(CBS News) One year ago on Sunday, hundreds of millions of people watched Prince William and Kate Middleton walk down the aisle.A look back: Complete coverage of the royal wedding
The Royal Wedding in pictures
The Duke and Duchess of Cambridge have had a busy first year as husband and wife. As every newlywed couple knows, the wedding day is the fun part. They had one day to be the stars of their own, meticulously-crafted production. But after choosing the perfect gown, saying the vows and the kiss, getting married becomes the business of being married. And when you marry into the royal family, that really means business.
The Duke and Duchess of Cambridge were thrust into the spotlight as the fresh new faces of British royalty.
Roya Nikkhah, royal correspondent for the U.K.'s Sunday Telegraph, told CBS News, "The two of them do bring a new glamour to the royal family, which I think has reinvigorated the brand. ... There has been an injection of vitality and glamour that was missing from the royal family for a while and that's definitely had a huge bounce effect."
Two months and one day after the wedding, their first bounce was straight into the celebrity stratosphere with a trip to Canada, where they were loved for doing as the locals do, and then to Los Angeles, where Hollywood "A"-listers suddenly began looking a little bit less famous.
Returning home, William resumed full-time military service as a search-and-rescue helicopter co-pilot, taking part last winter in a dangerous mission to rescue sailors after their ship went down in the Irish Sea.
Catherine, meanwhile, flew solo, from the glitz and glamour to charitable work.
It was only a matter of time before she made her understated debut as a public speaker in a hand-me-down dress from her mother, no less.
There have, of course, been the inevitable comparisons to Princess Diana, who, in her first year as a royal, was just 21, pregnant and made far more public appearances.
Catherine, who turned 30 this year, is more self-assured and worldlier. But most importantly she has the backing of a royal family that has learned from the public relations disasters of the past.
Mark Borkowski, a public relations and branding expert, said the royal family has learned from their mistakes. "Clearly, from Diana onwards, they've had to change, reluctantly at times, but here they see the two brand ambassadors for the royal family and for Britain. They're young, they're fresh. They're Hollywood."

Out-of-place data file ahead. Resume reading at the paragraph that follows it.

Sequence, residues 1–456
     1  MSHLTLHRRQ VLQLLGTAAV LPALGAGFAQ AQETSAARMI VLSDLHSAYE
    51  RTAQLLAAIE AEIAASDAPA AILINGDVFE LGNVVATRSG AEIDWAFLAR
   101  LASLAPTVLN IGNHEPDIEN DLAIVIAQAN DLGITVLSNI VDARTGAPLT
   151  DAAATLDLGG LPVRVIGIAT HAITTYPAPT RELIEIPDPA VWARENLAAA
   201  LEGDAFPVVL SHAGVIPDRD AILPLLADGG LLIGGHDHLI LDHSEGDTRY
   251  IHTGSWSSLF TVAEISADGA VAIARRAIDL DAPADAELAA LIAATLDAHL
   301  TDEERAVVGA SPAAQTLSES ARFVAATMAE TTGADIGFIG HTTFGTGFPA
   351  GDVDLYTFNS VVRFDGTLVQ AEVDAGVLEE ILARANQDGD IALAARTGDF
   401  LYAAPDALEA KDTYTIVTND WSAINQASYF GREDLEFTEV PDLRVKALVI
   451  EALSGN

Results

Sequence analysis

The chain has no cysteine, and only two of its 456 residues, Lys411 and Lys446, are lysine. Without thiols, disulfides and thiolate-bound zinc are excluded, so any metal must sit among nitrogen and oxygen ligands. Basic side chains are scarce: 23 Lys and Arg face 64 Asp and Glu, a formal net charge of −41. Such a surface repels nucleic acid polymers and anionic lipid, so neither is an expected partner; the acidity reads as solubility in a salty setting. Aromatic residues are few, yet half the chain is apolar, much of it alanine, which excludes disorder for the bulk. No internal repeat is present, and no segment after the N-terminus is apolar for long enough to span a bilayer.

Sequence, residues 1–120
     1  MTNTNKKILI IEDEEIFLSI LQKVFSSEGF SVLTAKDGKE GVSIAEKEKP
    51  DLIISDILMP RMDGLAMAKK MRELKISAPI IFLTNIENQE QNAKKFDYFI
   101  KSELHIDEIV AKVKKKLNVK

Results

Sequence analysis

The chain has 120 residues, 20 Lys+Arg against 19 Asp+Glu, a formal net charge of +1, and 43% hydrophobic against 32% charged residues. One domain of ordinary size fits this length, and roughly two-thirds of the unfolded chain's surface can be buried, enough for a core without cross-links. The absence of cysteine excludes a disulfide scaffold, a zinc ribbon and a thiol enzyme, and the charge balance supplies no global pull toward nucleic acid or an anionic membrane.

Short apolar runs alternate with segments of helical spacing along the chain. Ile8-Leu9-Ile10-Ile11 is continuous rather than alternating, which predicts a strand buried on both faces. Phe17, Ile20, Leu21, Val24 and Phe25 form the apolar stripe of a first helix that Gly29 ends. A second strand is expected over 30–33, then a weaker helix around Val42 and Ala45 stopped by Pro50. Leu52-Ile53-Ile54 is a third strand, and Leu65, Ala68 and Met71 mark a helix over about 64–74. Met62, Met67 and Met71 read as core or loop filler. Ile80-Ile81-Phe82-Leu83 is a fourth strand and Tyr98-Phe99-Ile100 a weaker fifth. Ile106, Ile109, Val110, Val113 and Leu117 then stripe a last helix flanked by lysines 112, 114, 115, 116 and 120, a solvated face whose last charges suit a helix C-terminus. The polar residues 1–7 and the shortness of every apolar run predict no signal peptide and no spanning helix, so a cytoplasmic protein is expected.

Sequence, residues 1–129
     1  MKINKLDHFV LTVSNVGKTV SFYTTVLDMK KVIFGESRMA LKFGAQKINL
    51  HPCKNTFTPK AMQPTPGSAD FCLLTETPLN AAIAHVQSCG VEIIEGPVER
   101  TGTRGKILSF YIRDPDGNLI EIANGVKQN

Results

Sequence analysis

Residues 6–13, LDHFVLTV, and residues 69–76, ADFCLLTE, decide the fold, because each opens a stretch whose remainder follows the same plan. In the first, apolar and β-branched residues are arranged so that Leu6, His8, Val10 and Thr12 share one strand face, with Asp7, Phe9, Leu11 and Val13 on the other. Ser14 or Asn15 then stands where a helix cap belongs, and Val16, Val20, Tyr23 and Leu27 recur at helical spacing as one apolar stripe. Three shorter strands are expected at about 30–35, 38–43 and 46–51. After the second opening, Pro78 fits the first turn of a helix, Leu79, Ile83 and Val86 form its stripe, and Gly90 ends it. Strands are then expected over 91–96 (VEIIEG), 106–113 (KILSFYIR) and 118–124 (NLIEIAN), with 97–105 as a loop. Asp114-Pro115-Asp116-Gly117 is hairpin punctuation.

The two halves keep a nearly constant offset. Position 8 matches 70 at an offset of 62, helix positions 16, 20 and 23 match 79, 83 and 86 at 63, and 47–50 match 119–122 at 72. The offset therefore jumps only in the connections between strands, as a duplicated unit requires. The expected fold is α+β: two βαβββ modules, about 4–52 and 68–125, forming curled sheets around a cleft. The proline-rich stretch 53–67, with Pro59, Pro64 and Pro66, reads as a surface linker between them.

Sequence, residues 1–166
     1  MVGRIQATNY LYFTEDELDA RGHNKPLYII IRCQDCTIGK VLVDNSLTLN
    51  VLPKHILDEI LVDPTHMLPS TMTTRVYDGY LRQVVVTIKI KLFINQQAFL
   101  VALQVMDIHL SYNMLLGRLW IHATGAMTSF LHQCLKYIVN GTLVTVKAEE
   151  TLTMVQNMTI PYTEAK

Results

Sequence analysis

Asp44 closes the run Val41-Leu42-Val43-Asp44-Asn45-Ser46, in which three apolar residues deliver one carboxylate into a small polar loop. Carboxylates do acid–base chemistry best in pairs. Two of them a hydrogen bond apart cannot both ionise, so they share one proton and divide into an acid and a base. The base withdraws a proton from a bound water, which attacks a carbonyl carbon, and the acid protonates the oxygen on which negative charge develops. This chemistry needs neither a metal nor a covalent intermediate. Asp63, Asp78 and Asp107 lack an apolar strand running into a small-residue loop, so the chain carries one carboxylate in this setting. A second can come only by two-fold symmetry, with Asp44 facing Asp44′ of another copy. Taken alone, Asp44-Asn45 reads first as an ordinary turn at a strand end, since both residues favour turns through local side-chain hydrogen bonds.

And now, Borkowski said, it's all about the royal brand and protecting that brand, which doesn't mean they'll stop doing the fun stuff, like attending film premieres.
Prince William and Catherine haven't been seen much in public together since the beginning of the year. A recent stroll down the red carpet is their last glamorous public appearance before they celebrate their anniversary in private.
One thing they might struggle to keep private, however, is the question of a royal heir. Just Thursday, William and Catherine were filmed at military fundraising event, cuddling the child of a soldier who attended. Cue the royal baby rumor mill.
Robert Hardman, author of the "Her Majesty," a book about Queen Elizabeth II, said, "Sure as night follows day, when you have a royal wedding, a few months later the questions start. When are we gonna hear the patter of tiny feet? I mean, any young couple just wants to get on with their lives, and sort out married life and when these things happen they happen."
So what's the obsession? How did a stuffy, uptight, some might say, dysfunctional institution like the royal family get its groove back?
Simple, say the people who make the message: It's just a good old love story.
Borkowski said, "At the base of this is a happy couple, a happy confident couple who have found love, and I think that's partly the genuine brand truth of this story. You cannot in this day and age of 24/7 media and the internet and social media peddle a lie."
To watch Charlie D'Agata's full report, watch the video in the player above.